In ambiguous concurrence with your post, my main contention with any organized religion is the notion of supercilious obligation to save all of those around you. Recently, I encountered a friend who had to the San Blas islands in Panama on a mission. My father being from Panama and my grandmother being a Cueva indian, I was familiar with the Cuna indians of San Blas and their very loose, efficient methods of belief. As he told me of his encounters, I remembered a mass from my childhood in which the father professed the enormous significance of "Good Works Missions" to "Conversion Missions." One he referred to as an act to portray the truest, most pure of Christian qualities in order to convince someone of the beauty of love for and life with Christ. It's antithesis, he claimed, was the use of any type of active attempt to make someone abandon their beliefs as a result of Christian initiative. In simple terms, you help them and let them come to you, don't approach them. As for me, I agree with the father on that issue. For any Christian to be presumptuous enough to declare someone in need of salvation is, plain and simply, enthnocentrically flawed. When on missions, our good deeds should be the compelling reason for someone to seek the love of Christ, not our (subversively mild) cohersion. I think life is the same way.
In leading a life of tolerance, in permitting anyone to live their life the way they need to in order to find their niche in existence is the supreme mode of Christianity. Humans are inherently flawed because of the gracious gift we were granted known as free will. One obligation of free will is discipline, the other is tolerance. With the disciplining of oneself to live by a code or a strict set of values in order to facilitate a meaningful and purpose driven life, one can truly acheive a level of euphoria that only engenders itself when granting another human happiness; and in being tolerant of others, the blossoming of diversity is made possible. Both are extremely important in the life of a Christian hoping to make an impact.
My mother said to me one time after repeated (and futile) attempts of me attempting to defend my choice of Protestantism, have you ever thought about living the way you do without telling anyone you are a Christian? I responded negatively, citing the obligation of all Christians to profess their love for the Christocentric life. She told me something I will never forget, "perhaps, you might meet more success if you just lived your life. If you made your tolerance of others superior to your disciplining of yourself." I will never forget those words. I responded and decided to live my life as a compassionate human first with my Christian principles guiding me rather than the opposite. I found out that sometimes if you are just a genuinely nice person and never attempt to tell someone that they should change their life to adhere to the Teachings, then they are far more likely to sub-conciously change their living to suit the teachings you to which you adhere. Living your life for others to emulate is noble, living your life to change the lives of others is pompous.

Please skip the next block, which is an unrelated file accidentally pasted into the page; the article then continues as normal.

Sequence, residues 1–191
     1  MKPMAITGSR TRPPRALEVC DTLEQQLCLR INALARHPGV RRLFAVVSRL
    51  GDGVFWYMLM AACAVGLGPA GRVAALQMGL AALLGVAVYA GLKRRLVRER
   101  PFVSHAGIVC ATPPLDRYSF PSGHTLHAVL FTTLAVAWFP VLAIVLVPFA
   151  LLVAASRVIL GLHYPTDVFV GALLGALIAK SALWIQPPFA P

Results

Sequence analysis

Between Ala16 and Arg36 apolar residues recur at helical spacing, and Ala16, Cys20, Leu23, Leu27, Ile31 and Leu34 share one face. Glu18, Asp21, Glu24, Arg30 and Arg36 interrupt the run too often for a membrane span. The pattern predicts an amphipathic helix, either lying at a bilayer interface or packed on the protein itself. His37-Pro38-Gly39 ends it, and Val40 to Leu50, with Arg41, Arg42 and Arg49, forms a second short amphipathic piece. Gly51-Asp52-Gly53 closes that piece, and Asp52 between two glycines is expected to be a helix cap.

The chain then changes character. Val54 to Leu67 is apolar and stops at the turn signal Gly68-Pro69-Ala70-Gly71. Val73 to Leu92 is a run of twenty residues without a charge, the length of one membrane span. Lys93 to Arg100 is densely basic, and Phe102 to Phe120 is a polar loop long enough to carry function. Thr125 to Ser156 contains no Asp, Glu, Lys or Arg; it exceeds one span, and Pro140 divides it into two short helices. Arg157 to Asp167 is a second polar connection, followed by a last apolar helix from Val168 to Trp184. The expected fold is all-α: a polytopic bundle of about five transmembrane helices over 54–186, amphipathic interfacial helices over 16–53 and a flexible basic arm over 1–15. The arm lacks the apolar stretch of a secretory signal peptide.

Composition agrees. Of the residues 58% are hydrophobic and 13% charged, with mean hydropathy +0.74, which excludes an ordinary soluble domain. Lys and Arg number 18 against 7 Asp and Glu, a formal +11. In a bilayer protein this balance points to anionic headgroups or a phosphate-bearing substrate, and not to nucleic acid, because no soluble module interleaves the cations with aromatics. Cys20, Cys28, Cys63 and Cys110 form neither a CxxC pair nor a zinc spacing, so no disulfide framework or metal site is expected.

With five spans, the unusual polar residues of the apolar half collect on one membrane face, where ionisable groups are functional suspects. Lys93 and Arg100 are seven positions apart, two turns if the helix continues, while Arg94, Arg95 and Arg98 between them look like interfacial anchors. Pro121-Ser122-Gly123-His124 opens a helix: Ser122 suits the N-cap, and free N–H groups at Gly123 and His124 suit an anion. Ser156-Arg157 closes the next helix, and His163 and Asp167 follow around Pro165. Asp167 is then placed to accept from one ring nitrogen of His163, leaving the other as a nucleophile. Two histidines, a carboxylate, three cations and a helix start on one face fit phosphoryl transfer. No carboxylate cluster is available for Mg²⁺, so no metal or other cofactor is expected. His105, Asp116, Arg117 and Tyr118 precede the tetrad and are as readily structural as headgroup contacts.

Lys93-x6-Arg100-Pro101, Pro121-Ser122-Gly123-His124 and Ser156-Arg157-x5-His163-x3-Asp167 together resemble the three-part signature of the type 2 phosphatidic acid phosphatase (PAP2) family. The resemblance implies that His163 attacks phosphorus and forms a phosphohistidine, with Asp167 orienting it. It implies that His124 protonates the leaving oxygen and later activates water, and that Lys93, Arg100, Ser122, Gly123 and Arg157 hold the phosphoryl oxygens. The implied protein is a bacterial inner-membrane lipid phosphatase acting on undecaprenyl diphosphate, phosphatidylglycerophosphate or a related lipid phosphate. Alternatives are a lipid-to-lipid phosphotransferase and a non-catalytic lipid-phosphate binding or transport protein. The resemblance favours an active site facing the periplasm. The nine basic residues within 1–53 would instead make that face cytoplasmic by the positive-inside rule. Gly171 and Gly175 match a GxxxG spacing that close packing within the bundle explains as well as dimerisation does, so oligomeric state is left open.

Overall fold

Maybe your friend was just disappointed or maybe he was worried about offending you, but nonetheless, in being so outwardly and openly ready to accept someone into the embrace of Christianity, you might actually being acheiving the opposite. Try just living your life and letting the light within your soul shine, never fail to remember that Christianity is a method of acheiving nobility in life and purity in existence, just like Islam, Hinduism, and Buddhism. Living as a good person is what devotion to Christ should yeild. Maybe a lot of us have lost touch with that...